Riding the Storms Out
Dollar-cost averaging is a popular method of investing for
the long term.
If you’ve been burned before by buying high and selling low, you may want to consider putting your
investments on cruise control with dollar-cost averaging.
Dollar-cost averaging – the basic premise behind employer-sponsored savings plans like 401(k)s –
is the practice of investing a set amount each month in a particular investment vehicle. As the share
price of your investment fluctuates, so will the number of shares your set amount buys. Sometimes you’
ll pay more and sometimes the stock or mutual fund will decrease in value, allowing you to purchase
Americans set a record in 2004 for investing in IRAs and employer-sponsored savings plans,
indicating a renewed interest in this old technique. With the vast and varied information available on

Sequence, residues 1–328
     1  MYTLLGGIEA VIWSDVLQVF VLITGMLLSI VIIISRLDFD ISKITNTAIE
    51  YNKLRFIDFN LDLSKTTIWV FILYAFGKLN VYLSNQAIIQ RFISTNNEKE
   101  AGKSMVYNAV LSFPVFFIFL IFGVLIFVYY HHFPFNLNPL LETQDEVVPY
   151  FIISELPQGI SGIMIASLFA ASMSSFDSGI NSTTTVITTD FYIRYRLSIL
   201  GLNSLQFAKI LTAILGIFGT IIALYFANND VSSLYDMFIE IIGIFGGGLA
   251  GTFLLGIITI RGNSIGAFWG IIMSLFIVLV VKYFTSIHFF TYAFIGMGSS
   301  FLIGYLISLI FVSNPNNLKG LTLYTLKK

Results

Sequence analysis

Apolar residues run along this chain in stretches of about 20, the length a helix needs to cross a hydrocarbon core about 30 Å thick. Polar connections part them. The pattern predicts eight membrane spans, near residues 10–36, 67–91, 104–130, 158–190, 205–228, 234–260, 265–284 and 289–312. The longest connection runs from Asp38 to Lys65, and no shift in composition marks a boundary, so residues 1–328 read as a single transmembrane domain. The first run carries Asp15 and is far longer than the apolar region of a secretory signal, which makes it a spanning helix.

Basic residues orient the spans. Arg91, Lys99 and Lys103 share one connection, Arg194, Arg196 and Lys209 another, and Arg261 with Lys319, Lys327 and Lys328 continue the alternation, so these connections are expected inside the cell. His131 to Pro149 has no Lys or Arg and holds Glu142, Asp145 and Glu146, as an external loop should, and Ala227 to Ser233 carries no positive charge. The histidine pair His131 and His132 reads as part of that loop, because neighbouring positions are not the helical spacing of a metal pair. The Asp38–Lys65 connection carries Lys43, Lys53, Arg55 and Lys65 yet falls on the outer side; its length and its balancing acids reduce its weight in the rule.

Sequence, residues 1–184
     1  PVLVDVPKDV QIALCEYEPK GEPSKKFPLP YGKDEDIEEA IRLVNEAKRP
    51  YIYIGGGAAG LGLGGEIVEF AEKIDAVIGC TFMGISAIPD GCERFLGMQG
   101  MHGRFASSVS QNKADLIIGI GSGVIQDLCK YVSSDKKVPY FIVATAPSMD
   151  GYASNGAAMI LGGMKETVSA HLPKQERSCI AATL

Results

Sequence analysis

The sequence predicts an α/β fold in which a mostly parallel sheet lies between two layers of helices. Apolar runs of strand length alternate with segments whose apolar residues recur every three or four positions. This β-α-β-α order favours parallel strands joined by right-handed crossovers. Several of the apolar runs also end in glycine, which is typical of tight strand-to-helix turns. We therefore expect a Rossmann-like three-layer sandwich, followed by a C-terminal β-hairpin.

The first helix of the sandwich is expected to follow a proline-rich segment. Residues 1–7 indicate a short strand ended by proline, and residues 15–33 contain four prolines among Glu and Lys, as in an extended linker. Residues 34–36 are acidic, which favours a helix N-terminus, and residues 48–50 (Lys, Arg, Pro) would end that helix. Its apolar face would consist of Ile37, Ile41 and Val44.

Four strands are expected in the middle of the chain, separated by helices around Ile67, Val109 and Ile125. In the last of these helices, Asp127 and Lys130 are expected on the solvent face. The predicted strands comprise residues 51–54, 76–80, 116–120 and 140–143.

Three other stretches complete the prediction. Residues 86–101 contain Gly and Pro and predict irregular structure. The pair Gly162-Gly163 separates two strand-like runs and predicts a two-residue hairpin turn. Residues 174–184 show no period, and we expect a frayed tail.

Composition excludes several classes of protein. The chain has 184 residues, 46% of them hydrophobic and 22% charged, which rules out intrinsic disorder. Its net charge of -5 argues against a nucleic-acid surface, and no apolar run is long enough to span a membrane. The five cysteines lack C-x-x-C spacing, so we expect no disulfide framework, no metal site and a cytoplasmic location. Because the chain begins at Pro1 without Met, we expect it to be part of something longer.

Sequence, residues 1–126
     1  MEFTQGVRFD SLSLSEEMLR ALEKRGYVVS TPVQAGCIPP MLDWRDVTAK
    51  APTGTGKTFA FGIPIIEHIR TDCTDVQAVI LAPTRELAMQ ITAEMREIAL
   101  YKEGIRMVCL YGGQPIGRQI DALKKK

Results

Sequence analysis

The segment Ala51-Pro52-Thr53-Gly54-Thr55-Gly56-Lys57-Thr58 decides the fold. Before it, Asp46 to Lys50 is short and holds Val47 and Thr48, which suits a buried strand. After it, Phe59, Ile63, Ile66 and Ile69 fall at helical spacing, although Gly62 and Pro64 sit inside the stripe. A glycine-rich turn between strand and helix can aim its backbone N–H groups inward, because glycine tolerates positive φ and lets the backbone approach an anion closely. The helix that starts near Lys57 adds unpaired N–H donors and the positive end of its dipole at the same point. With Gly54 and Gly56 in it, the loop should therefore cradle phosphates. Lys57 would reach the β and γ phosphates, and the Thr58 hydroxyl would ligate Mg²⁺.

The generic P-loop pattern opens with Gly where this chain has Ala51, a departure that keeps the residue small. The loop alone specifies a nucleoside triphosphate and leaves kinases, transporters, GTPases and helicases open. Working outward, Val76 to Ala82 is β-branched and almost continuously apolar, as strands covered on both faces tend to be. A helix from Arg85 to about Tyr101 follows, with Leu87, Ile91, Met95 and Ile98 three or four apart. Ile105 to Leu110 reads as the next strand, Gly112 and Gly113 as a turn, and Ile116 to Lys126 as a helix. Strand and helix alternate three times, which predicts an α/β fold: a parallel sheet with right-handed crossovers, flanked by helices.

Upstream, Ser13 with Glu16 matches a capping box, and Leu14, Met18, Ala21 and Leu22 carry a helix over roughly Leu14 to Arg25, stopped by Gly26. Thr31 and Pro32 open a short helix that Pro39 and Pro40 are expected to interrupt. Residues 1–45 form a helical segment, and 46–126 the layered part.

investing, many Americans have chosen to stop chasing yesterday’s high returns. Using dollar-cost
averaging helps them ride out the ups and downs of the market.
Dollar cost averaging involves continuous investment in securities, regardless of fluctuating price
levels. Investors should consider their ability to continue purchases through periods of low price levels
r chancing economic conditions. Dollar cost average does not assure a profit and does not protect
against a loss in a declining market.
Dollar-cost averaging isn’t for everyone. Short-term investors and those concerned about market
volatility won’t benefit from the slow and steady pace of dollar-cost averaging. Always meet with a
financial professional before investing. For those who want to invest a consistent amount each month
and potentially lessen the effects of market volatility, it might be an option.
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